Severin Wedde, Dr. Christian Kleusch, Dr. Daniel Bakonyi & Prof. Dr. Harald Gröger
ChemBioChem 2017 vol: 18(24) pp: 2399–2403 doi: 10.1002/cbic.201700526
Biotransformations in organic chemistry frequently suffer from limitations caused by low water-solubility of substrates and product inhibition. Both, usually are addressed by the addition of organic cosolvents, which often accompanies at the expense of enzyme stability. A common method for measuring enzyme stability is to determine the melting temperature (Tm) of the enzyme. However, current methods are limited to the application of purified enzymes. Herein, for the first time, an easy and fast (<1 h) high-throughput feasible method to determine enzyme stabilities directly from crude extracts is reported. In pure buffer, the Tm value measured in the crude extract was identical to that obtained for the purified enzyme. Through the addition of different organic compounds, the Tm values in the crude extract differed by up to 2.4 °C from that of the purified enzymes due to the presence of the host-cell proteins. Thus, the measurement of enzyme stabilities in crude extracts appears to represent conditions in whole-cell catalysts even better. The applied nano differential scanning fluorimetry technology is further proven to be suitable for whole-cell catalysts with two overexpressed enzymes; thus representing a tool for the rapid screening of natural and mutant enzyme libraries in terms of process stability for challenging biotransformations.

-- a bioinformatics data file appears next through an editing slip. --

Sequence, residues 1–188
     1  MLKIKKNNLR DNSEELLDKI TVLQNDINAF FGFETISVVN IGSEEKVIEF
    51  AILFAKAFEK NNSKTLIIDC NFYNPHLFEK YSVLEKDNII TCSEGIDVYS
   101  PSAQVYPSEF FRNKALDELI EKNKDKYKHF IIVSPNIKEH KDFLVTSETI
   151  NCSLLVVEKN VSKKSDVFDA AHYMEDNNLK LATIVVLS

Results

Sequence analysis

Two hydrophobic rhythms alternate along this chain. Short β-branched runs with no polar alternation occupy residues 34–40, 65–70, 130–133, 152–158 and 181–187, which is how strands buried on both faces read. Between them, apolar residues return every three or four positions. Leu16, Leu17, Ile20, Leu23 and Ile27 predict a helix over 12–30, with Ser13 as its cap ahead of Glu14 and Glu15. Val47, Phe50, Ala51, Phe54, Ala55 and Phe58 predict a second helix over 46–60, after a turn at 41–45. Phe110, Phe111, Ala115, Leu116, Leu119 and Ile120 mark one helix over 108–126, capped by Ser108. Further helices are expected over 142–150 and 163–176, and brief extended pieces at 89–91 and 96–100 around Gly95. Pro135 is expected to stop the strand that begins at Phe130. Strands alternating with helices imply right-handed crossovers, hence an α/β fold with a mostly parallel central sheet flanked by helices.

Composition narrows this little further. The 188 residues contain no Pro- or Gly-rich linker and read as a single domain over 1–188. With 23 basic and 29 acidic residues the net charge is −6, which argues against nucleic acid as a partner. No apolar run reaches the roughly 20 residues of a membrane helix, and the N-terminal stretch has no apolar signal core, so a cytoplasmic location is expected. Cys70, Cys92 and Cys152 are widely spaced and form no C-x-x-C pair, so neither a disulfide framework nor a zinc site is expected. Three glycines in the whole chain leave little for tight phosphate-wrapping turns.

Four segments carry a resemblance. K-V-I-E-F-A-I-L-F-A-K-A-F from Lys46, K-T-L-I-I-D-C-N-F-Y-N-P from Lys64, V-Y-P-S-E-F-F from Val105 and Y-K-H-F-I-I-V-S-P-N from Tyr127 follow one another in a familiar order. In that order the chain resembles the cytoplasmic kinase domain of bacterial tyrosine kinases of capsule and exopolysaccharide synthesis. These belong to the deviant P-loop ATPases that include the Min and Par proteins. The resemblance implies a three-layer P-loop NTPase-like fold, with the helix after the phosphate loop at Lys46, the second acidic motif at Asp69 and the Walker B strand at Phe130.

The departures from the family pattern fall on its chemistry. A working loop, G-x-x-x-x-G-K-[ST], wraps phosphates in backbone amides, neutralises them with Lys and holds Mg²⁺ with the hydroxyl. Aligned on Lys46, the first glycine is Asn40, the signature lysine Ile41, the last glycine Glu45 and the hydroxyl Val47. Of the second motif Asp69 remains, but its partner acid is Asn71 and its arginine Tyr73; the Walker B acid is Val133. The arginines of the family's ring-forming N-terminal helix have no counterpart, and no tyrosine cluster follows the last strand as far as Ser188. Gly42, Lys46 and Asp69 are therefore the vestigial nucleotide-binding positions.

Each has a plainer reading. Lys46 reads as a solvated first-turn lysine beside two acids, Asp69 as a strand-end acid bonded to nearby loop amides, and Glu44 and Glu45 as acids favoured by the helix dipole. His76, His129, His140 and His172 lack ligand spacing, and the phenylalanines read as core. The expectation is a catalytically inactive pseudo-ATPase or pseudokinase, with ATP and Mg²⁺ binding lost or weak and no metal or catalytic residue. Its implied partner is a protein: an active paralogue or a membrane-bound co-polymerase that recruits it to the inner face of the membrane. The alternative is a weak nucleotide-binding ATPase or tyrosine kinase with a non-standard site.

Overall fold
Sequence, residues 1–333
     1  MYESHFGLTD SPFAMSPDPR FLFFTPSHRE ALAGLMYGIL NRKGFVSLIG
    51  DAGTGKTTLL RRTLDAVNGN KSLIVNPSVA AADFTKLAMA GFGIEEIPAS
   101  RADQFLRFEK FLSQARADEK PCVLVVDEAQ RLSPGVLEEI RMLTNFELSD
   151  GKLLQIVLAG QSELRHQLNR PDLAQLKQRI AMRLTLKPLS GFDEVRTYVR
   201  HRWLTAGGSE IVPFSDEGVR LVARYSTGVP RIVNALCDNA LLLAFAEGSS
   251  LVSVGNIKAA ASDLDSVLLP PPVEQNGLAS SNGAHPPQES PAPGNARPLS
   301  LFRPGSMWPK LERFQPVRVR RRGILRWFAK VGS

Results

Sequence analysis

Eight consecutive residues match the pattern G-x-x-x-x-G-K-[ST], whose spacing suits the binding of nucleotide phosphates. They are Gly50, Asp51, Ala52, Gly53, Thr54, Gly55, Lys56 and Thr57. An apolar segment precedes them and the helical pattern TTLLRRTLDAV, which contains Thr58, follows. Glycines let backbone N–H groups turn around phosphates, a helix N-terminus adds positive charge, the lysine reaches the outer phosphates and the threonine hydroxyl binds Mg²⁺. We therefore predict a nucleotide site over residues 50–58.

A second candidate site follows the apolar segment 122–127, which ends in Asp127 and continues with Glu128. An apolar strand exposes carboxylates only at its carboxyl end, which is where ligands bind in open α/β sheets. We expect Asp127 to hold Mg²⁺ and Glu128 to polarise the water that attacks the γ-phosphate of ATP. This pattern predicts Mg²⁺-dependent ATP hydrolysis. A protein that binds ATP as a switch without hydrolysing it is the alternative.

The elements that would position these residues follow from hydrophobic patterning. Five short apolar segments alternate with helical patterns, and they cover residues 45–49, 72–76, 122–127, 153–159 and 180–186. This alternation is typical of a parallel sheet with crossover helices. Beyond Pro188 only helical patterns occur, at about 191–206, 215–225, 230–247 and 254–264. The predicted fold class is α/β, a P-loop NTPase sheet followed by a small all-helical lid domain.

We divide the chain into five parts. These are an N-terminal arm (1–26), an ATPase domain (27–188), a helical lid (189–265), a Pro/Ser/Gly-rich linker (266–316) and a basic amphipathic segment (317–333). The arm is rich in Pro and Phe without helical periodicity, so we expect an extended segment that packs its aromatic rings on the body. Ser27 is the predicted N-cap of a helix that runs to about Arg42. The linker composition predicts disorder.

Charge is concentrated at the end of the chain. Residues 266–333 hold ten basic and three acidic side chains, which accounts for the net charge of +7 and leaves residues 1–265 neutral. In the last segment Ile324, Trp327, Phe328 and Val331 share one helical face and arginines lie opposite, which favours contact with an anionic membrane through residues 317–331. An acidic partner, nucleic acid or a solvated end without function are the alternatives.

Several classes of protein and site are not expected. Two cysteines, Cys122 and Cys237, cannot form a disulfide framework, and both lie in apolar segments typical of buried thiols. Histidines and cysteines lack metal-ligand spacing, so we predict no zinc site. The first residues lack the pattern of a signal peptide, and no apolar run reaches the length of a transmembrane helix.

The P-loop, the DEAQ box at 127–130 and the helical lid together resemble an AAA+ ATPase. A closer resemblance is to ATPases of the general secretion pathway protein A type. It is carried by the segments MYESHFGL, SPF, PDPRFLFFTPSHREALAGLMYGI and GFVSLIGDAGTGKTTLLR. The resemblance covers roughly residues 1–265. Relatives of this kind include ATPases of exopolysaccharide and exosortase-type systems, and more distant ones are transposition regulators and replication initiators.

Topics: Prometheus – nanoDSF, Proteins, Publications